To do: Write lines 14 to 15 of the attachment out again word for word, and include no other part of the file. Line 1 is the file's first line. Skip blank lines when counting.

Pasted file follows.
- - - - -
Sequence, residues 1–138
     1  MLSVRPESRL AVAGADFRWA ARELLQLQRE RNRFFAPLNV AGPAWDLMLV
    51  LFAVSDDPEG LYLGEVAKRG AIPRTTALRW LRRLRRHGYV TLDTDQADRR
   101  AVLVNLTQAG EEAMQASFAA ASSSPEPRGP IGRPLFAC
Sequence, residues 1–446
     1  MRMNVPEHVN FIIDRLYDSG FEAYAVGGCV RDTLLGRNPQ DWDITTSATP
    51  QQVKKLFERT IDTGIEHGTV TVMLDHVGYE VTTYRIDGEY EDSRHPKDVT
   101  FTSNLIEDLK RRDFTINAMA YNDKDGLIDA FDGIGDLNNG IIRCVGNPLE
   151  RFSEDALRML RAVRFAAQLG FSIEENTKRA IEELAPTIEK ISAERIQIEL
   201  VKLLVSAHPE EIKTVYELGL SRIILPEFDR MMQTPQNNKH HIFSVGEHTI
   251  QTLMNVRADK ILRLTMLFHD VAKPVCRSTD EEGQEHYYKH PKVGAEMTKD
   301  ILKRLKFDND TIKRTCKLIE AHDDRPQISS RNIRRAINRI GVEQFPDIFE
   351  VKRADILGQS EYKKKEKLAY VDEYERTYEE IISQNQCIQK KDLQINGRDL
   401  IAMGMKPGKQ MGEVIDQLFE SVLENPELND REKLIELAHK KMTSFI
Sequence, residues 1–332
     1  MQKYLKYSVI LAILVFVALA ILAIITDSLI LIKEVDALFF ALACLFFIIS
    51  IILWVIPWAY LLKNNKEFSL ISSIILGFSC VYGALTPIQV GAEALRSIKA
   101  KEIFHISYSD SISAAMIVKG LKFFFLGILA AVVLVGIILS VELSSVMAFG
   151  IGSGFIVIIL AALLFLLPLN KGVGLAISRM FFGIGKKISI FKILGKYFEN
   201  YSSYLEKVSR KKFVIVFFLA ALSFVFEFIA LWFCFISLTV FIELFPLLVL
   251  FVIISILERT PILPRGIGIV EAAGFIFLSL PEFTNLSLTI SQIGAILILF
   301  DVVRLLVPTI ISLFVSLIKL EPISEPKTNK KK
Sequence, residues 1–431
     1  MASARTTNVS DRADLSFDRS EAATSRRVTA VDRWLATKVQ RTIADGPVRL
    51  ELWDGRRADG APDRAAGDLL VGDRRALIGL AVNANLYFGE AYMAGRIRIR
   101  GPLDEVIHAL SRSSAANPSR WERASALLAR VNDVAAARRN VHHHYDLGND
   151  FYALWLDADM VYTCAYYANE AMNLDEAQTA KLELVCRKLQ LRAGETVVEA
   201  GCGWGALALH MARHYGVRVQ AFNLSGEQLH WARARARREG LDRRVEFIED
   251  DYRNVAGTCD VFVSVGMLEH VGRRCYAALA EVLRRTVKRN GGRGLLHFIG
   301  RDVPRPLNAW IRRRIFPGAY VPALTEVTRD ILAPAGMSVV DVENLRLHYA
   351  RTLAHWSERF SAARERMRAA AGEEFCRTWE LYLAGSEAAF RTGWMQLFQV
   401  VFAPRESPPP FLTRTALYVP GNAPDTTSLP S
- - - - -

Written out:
   401  IAMGMKPGKQ MGEVIDQLFE SVLENPELND REKLIELAHK KMTSFI
Sequence, residues 1–332